The theatre doors will open at 7 pm on Sunday for the general event and short-film competition, followed by the Academy Award ceremony screening at 8.30. The event is free but there will also be a VIP area, which will provide refreshments and for which tickets can be purchased calling 812-323-3020. All money raised will go to fostering local film artists.

Sunday Alcohol Sales One Step Closer To Being Legal In Indiana

The state is moving toward allowing Sunday alcohol sales but possibly with more restrictions that will apply to all liquor sales every day.

In late January, the Daily Local News reported that bills had been introduced into both branches of the state legislature to allow Sunday alcohol sales in Indiana. We spoke to representatives from the two retail groups that had lined up on opposing sides of the issue.

Grant Monahan, of the Indiana Retail Council, lobbied for treating Sunday like the rest of the week when it comes to selling alcohol. He said the issue was about customer convenience. Patrick Tamm, of the Indiana Association of Beverage Retailers, the private liquor stores, said alcohol should be sold under strict guidelines. Tamm compared alcohol to other restricted products like tobacco and pharmaceuticals.

Last week, the Indiana House Public Policy Committee voted 10-2 to send a bill to the floor of the House that would repeal Indiana’s long-time post-prohibition era ban on Sunday sales. But the measure also comes with new restrictions that would apply all week long.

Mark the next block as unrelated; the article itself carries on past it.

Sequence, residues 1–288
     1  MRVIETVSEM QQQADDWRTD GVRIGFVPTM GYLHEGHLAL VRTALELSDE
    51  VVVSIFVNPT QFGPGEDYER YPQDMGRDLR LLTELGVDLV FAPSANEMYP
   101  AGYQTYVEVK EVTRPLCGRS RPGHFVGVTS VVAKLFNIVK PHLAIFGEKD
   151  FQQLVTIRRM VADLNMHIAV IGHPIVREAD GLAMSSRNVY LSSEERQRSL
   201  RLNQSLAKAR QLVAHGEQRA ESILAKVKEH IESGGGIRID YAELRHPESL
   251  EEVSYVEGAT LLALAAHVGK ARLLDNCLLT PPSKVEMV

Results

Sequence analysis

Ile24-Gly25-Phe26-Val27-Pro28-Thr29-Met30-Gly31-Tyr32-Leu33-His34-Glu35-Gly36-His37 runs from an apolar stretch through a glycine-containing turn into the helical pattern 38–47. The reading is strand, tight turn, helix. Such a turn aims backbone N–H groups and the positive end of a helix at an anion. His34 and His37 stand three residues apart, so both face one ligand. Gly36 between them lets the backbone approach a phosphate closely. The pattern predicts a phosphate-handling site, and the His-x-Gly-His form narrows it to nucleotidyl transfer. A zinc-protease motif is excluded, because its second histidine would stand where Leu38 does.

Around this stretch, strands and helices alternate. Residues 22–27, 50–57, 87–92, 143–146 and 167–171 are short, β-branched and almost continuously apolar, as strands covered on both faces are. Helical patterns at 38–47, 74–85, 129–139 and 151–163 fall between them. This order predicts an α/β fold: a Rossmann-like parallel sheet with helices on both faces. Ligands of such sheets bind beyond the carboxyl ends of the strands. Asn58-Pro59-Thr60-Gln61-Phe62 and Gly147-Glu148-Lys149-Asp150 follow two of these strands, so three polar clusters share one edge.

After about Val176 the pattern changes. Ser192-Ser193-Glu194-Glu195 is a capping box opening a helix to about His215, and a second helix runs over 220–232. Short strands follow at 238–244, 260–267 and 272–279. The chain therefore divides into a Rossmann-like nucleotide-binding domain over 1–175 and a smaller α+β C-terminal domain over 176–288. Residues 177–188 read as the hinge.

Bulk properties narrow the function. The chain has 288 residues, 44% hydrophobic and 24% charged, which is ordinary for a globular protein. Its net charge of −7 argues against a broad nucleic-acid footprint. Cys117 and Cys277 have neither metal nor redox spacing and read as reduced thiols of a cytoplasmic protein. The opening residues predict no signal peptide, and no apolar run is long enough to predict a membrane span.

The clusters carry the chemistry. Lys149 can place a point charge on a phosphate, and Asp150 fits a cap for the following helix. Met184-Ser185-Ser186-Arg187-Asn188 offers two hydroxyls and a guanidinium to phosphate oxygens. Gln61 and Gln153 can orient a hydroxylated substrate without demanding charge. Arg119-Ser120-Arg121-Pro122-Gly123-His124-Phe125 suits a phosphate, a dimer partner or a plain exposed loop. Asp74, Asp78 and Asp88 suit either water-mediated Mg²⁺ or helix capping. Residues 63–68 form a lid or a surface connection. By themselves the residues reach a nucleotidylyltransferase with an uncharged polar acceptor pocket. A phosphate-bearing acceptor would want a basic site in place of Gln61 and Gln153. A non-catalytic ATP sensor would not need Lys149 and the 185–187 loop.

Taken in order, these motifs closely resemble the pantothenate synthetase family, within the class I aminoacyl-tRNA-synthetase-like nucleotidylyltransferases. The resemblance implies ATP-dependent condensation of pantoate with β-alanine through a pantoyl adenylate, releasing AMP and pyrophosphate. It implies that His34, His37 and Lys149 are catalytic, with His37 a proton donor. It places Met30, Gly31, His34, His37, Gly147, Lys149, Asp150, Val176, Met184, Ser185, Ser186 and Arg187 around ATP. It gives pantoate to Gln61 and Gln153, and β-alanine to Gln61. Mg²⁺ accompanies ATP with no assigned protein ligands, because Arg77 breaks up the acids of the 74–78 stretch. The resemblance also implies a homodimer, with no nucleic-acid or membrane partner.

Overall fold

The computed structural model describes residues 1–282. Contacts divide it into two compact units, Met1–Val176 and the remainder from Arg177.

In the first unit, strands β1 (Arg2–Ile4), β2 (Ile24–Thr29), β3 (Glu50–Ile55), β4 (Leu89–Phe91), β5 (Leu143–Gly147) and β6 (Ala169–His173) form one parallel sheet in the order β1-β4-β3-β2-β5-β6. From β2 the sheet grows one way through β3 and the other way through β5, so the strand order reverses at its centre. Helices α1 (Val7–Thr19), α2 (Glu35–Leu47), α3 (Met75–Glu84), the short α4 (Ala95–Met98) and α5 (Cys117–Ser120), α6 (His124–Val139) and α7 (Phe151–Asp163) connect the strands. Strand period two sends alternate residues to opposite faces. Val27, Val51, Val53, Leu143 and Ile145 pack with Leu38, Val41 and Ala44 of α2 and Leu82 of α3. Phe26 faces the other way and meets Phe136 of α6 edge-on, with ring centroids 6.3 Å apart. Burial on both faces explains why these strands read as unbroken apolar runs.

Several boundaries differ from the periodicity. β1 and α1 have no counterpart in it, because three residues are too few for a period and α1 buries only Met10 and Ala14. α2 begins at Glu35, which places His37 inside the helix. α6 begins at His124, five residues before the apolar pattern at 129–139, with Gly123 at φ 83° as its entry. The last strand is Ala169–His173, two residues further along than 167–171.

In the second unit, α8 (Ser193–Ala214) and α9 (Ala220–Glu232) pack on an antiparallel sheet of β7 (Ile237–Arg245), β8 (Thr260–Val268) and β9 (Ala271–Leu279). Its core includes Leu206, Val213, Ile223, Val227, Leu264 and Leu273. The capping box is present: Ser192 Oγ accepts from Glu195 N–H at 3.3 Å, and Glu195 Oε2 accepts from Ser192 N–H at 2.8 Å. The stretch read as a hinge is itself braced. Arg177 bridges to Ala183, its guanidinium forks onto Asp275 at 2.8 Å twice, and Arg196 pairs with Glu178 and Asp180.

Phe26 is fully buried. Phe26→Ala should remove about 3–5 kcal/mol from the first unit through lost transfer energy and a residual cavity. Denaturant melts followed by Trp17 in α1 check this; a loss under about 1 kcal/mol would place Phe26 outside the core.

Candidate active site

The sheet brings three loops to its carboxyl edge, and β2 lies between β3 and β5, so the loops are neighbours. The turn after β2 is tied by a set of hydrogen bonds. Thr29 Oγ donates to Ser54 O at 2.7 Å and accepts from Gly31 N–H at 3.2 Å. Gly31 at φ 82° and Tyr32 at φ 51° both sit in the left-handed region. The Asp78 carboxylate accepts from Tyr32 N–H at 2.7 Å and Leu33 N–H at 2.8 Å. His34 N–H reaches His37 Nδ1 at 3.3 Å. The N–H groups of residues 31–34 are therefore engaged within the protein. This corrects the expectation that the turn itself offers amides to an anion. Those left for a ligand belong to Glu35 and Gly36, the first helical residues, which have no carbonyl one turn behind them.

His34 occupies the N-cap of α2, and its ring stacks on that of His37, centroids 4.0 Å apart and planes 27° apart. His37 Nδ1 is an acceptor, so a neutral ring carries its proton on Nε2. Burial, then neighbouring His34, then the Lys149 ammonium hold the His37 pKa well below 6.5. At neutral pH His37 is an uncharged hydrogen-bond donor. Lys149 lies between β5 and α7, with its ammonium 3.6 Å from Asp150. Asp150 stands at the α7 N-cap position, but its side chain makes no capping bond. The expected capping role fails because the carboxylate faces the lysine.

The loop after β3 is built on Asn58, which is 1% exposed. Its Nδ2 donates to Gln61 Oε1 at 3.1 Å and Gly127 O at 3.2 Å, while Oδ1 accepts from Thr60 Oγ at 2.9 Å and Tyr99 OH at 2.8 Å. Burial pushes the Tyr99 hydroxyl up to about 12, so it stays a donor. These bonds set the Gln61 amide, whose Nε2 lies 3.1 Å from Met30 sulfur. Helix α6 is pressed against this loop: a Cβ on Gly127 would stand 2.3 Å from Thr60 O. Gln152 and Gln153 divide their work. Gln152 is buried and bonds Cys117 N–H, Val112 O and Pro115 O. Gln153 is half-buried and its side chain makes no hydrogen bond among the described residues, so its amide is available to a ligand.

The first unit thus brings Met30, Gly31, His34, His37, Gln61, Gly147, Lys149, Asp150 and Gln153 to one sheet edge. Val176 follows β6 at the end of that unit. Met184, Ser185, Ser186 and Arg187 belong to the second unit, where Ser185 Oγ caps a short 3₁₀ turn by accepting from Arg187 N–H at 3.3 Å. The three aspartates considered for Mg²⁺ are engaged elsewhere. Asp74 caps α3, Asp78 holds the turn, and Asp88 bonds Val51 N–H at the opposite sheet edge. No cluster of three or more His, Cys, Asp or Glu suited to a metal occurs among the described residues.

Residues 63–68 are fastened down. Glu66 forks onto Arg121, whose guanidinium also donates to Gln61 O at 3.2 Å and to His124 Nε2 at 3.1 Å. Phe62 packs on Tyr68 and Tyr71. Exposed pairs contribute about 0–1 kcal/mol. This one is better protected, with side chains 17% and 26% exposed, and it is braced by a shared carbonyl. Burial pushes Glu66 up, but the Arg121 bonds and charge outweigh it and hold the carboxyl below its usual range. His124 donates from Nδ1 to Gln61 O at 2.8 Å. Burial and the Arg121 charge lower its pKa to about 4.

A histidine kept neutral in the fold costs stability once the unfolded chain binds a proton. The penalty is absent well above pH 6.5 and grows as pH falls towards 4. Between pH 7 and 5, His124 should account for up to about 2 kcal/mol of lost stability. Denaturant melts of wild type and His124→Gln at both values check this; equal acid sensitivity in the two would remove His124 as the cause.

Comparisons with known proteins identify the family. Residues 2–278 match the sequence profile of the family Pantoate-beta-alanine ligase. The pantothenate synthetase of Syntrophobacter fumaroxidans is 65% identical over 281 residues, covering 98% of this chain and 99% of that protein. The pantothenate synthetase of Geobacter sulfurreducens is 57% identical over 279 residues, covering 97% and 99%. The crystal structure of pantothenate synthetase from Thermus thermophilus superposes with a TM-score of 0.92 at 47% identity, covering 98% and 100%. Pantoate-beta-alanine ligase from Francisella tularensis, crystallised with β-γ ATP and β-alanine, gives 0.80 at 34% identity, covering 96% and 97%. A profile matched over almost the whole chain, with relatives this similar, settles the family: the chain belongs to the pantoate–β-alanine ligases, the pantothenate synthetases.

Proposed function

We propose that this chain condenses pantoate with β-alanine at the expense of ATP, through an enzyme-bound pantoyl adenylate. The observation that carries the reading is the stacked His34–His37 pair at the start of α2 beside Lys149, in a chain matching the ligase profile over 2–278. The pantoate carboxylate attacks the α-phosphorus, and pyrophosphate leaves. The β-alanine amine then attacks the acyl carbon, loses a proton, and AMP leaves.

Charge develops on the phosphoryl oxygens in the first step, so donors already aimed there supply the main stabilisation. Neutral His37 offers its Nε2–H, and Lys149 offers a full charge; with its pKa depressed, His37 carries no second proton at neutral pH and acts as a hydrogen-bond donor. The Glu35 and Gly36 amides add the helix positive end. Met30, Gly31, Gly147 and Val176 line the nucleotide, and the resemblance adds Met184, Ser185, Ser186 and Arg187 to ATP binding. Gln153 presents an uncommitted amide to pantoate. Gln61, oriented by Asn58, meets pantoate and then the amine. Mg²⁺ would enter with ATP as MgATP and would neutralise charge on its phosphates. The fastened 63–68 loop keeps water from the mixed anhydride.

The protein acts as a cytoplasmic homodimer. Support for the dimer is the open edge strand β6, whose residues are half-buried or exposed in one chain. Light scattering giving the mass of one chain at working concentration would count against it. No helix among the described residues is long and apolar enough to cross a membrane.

It would require beer and wine to be kept in a set aside area of grocery and convenience stores. And liquor would have to be kept behind the counter. Self-checkout of alcohol would be banned and clerks selling the product would have to be 21 years of age.

Both the House and Senate will have to finalize their versions of the Sunday alcohol sales legislation next week.

Bloomington City Council speaks on giving tax breaks to developers

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Last night the Bloomington City Council questioned the criteria for granting tax breaks to developers. The company, Big O Properties, asked for a tax abatement from the city for a proposed mixed-use development on South Walnut Street downtown.

Danise Alano-Martin, the city’s Director of the Economic and Sustainable Development, recommended the council approve the abatement request. Alano-Martin says the development meets the criteria of enhancing the community character, using sustainable building materials, and reversing the cessation of growth associated with the one-story building that is currently on the property.